One night James was with several of us who were out frog hunting when we approached a large dam with small streams of water running around the dam and spilling down the sides, making it necessary to jump the six or seven foot wide streams in order to reach the pond..Most of us had lights and had no problem leaping across the mud and water. For James, however, the jump was another story. He recognized the difficulty and called for all of us to shine our lights on the place where his great leap would take place, consequently, all spotlights were on the somewhat nonathletic band director as his takeoff foot slipped as he attempted the jump and he accidentally dived into the slime! As sympathetic as we all were for James, all of us nearly died laughing. James was such a good sport, but threatened to kill any us who reported the "great leap of faith". As I remember this, I still can't keep from laughing out loud.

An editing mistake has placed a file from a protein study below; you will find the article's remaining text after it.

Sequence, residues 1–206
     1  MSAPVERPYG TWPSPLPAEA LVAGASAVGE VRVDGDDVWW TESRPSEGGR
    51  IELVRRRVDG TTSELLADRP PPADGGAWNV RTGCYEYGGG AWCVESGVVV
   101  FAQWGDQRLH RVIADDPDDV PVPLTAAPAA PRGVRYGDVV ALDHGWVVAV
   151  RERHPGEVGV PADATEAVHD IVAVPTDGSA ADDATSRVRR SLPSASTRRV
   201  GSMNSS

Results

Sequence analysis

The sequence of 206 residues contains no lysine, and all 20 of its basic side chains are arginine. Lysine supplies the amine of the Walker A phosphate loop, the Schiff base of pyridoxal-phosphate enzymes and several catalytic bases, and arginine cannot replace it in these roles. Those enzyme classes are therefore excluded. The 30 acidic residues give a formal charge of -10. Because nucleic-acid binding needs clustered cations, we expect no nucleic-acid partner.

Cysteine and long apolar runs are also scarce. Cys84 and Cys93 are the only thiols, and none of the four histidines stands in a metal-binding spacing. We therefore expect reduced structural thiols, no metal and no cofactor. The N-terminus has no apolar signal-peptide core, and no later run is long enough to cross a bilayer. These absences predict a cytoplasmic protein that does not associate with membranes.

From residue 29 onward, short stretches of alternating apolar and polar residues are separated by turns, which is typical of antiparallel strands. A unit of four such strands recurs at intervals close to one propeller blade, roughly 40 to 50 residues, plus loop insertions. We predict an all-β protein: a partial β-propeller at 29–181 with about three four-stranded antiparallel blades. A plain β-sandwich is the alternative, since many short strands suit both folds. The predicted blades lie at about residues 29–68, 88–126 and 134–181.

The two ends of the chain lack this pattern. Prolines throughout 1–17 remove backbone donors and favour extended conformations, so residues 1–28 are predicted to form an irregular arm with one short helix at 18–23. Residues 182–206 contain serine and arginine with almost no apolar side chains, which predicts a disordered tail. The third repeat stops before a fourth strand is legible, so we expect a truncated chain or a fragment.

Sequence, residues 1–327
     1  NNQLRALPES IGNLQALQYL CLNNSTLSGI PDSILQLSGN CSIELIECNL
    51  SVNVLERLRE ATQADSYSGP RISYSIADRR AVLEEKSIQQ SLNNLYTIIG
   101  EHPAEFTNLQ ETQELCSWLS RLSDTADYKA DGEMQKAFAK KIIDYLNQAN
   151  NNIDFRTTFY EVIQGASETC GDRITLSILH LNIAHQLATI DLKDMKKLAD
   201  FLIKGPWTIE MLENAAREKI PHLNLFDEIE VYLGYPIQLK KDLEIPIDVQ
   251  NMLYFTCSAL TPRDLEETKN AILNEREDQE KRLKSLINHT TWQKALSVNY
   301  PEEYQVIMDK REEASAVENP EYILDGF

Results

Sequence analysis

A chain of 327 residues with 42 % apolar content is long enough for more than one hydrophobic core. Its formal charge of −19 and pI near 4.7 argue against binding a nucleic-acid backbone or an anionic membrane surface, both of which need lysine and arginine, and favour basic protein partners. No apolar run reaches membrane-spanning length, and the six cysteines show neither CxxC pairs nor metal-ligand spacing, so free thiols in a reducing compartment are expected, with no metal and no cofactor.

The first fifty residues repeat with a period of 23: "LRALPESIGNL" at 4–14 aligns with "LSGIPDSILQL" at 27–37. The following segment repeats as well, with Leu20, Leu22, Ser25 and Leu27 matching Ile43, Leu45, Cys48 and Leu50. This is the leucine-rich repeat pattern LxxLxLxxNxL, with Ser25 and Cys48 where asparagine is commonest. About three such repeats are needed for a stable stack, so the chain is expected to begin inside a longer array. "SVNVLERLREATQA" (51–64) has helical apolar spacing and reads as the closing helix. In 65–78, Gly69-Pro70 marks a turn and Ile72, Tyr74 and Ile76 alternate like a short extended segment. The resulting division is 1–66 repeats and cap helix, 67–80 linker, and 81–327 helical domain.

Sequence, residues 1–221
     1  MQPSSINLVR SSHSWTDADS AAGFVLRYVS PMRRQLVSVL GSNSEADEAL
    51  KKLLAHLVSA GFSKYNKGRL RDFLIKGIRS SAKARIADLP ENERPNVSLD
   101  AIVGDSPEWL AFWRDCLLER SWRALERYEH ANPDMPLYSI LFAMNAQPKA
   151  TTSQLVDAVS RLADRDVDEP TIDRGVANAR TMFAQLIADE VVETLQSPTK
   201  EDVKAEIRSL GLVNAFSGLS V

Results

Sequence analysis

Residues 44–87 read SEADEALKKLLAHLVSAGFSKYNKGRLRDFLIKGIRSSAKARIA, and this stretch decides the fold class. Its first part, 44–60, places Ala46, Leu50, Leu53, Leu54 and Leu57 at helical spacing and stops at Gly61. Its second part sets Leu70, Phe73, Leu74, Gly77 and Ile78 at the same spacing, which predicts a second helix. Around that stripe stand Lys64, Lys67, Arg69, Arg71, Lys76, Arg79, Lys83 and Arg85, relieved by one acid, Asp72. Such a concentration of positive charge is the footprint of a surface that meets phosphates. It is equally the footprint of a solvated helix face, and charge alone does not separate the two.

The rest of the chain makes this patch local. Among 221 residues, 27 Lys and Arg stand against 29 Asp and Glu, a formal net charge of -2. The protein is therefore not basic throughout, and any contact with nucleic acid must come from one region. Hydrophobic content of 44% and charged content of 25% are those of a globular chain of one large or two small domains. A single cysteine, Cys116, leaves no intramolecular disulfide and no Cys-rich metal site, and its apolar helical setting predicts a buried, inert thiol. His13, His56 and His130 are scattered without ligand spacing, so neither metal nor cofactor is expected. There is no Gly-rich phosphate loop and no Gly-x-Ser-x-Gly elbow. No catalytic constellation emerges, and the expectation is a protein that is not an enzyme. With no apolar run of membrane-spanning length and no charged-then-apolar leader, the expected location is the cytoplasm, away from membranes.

B&O Cash Store Merchandise... Memories

It turns out the photos supplied by Harley Gene Salsman were from the Cotton County Museum in Walters. Here’s the museum’s Web address if you want to see more historic photos from Cotton County:

These pictures are his own. These are items purchased at the B&O Cash store and given to Harley by relatives. The pitcher and plate have the B&O logo on the bottom/back.

In a comments on an earlier post, Carroll Newberry shared some interesting memories triggered by thoughts of the B&O, including Temple's first swimming pool, which was at the home of the Mooneys who owned the store. Be sure and read Carroll's comments if you haven't seen them.

Friday, August 8, 2008

Historic Temple

Here's another picture from a visitor to this blog.

I was pleased to receive a copy of this picture and the drawing from the B&O Cash Store from Harley Salsman. I had never seen either of these before.